The United Arab Emirates (UAE) took the top spot in the Middle East in the 2017 Index of Economic Freedom, released by the US-based Heritage Foundation. It was ranked 8th globally on the list.
Hong Kong topped the list, while Singapore and New Zealand are in the second and third positions. Others in the top 10 are: Switzerland (4th), Australia (5th), Estonia (6th), Canada (7th), UAE (8th), Ireland (9) and Chile (10th).
The UK is placed in the 12th position, while the US took the 17th rank.
Among the GCC countries, Qatar was at 29th ranking on the list; Bahrain 44th; Kuwait 61st; Saudi Arabia 64th and Oman 82nd.
The Index analyses economic policy developments in 186 countries. Countries are graded and ranked on 12 measures of economic freedom that evaluate the rule of law, government size, regulatory efficiency, and the openness of markets.
Per capita incomes are much higher in countries that are more economically free. Economies rated “free” or “mostly free” in the 2017 Index generate incomes that are more than double the average levels in other countries and more than five times higher than the incomes of people living in countries with “repressed” economies.
Not only are higher levels of economic freedom associated with higher per capita incomes, but greater economic freedom is also strongly correlated to overall well-being, taking into account such factors as health, education, environment, innovation, societal progress, and democratic governance.
No matter what their existing level of development may be, countries can get an immediate boost in their economic growth by implementing steps to increase economic freedom through policies that reduce taxes, rationalise the regulatory environment, open the economy to greater competition, and fight corruption.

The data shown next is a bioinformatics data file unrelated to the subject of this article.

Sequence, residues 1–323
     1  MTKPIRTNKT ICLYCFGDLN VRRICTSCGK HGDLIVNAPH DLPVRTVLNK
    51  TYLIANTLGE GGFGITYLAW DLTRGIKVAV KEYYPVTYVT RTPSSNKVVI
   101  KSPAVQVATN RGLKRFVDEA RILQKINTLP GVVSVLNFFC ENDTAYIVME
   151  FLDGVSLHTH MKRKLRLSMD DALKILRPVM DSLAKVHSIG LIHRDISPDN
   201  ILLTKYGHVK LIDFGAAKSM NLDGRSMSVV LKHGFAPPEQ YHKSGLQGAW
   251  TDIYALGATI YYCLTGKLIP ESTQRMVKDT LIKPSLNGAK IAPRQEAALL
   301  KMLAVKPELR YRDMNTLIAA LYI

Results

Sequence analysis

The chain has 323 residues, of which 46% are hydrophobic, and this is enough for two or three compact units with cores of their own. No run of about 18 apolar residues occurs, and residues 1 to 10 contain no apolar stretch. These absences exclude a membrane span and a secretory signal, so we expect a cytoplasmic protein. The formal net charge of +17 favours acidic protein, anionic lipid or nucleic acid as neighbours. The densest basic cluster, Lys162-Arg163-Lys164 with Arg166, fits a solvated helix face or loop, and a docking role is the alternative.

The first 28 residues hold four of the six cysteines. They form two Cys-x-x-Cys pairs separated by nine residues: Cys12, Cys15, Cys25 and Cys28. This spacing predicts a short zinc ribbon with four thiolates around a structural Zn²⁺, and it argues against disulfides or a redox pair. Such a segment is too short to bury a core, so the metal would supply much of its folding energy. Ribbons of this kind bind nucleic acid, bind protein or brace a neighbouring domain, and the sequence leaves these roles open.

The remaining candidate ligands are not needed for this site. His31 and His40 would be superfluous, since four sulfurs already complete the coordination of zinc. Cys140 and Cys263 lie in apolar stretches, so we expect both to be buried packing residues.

In the 2017 Index, 103 countries, most of which are less developed or emerging economies, showed advances in economic freedom. Remarkably, 49 countries achieved their highest economic freedom scores ever. Two large economies (China and Russia) are included in this group.
While two countries (Mauritius and the UK) recorded no change in score, 73 experienced declines in economic freedom. Sixteen of these 73 countries, including notably the Bahamas, Bahrain, El Salvador, Pakistan, Venezuela, and the US recorded their lowest economic freedom scores ever, the Foundation said.
The Asia–Pacific region is home to nine of the 20 most improved countries: Fiji, Kiribati, Kazakhstan, China, Turkmenistan, Uzbekistan, Vanuatu, Tajikistan, and the Solomon Islands all recorded score gains of four points or more. On the other hand, Sub-Saharan Africa has the most countries (Cabo Verde, Djibouti, Ghana, Guinea, Kenya, The Gambia, and Madagascar) recording notable score declines, followed by the Americas (Barbados, the Bahamas, Venezuela, Suriname, Saint Lucia, and Brazil).
Of the 180 economies whose economic freedom has been graded and ranked in the 2017 Index, only five (Hong Kong, Singapore, New Zealand, Switzerland, and Australia) have sustained very high freedom scores of 80 or more, putting them in the ranks of the economically “free.”
A further 29 countries, including Chile, the United Arab Emirates, the United Kingdom, Georgia, the US, and Mauritius, have been rated as “mostly free” economies with scores between 70 and 80.
A total of 92 economies, just over half of those graded in the 2017 Index, have earned a designation of “moderately free” or better. These economies provide institutional environments in which individuals and private enterprises benefit from at least a moderate degree of economic freedom in the pursuit of greater competitiveness, growth, and prosperity.
On the opposite side of the spectrum, nearly half of the countries graded in the Index—88 economies—have registered economic freedom scores below 60. Of those economies, 65 are considered “mostly unfree” (scores of 50–60), and 23 are considered “repressed” (scores below 50).
Economic freedom is about much more than a business environment in which entrepreneurship and prosperity can flourish.
With its far-reaching impacts on various aspects of human development, economic freedom empowers people, unleashes powerful forces of choice and opportunity, gives nourishment to other liberties, and improves the overall quality of life, the Foundation said.
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